The Smart Market that IBM set up for the Indian market, where it started prototyping the Smart Cubes last December, has 38 applications. The key, as was the case with the AS/400, is to pair local resellers of applications with their own expertise in niches with the system and go to market with a single package.
The secret sauce in the Smart Cubes is not the iron, but rather a framework and set of common APIs that application vendors have to adhere to called the Smart Business Application Integrator. It is this systems software that allows IBM to support the SLES 10 and i 6.1 operating systems, a stack of systems software, and all Smart Market certified applications in an automated and absolutely consistent fashion. Friedman says that IBM has over 150 patents relating to Application Integrator.
"This is real automation, not just integration and bundling," Friedman brags. Such automation was a hallmark of the AS/400, which was the first machine I know of that had remote customer support, allowing IBM to reach into systems and fix them from its Rochester, Minnesota, facility over a modem line. Since then, IBM has added all kinds of proactive maintenance and monitoring services to its AS/400 and successor products, and of course, other system makers have done likewise.
The trick for IBM is that it is accomplishing this on both Linux and i platforms, and could extend this to AIX or even Windows if it wanted to. The benefit is that IBM can peddle the Smart Cubes with a single point of contact for tech support for the system and its applications (a difference that SMB shops won't care about). That contact will be IBM itself, not the ISVs whose applications are bundled. IBM is also controlling the distribution and installation of the machines through the Smart Market, and it's charging ISVs a commission on sales as well to help support the costs of the market and in exchange for lead generation.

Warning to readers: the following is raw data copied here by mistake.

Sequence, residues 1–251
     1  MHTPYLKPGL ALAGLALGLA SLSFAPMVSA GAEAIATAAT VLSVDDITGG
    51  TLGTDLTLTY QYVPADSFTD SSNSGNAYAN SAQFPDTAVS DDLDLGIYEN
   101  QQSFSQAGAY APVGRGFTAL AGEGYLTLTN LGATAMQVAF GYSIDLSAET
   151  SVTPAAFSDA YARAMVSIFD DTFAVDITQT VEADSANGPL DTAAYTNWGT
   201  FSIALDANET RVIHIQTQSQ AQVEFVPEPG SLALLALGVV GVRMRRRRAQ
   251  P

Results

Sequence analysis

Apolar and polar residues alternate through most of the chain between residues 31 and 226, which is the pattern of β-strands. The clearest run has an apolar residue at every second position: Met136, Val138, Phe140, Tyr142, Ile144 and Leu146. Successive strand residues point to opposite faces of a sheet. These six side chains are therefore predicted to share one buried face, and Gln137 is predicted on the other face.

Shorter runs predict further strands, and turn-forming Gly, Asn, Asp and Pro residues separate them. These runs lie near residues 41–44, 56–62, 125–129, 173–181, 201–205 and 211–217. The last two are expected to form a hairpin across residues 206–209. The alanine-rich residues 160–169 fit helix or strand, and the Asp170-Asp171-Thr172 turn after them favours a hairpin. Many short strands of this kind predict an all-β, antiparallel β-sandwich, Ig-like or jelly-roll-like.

The x64-Linux versions of the Smart Cube appliance look very much like the Lotus Foundations collaboration appliances that Big Blue debuted last November. There are two versions of this tower machine, and both of them are single-socket Xeon boxes. The Smart Cube 7200 has dual-core Xeon E3110 processor running at 3 GHz, 4 GB of main memory, four 250 GB SATA disks, and a 500 GB removable disk for archiving.
The Smart Cube 7401 has a quad-core Xeon X3330 running at 2.66 GHz with 8 GB of memory, four 500 GB SATA disks, and a removable 1 TB disk for archiving. The archiving is managed by IBM's Tivoli Storage Manager software, which can also be told to back up data over the Internet to an archive service that IBM is running for the machines.
The machine is equipped with SLES 10 SP2 and costs $4,400 in a base configuration. That price includes SLES 10, Zend Technology's Zend Core 2.5 PHP engine, a Java runtime (Java 5), Domino Utility Server Express (for LDAP authentication), the Tivoli storage management code, plus a license to DB2 Express Server 9.5 and WebSphere Application Server 6.1. IBM is also tossing in its Proventia Server IPS 1.0 intrusion protection software. Customers can add Domino and Sametime collaboration software and additional Proventia security tools for an additional fee.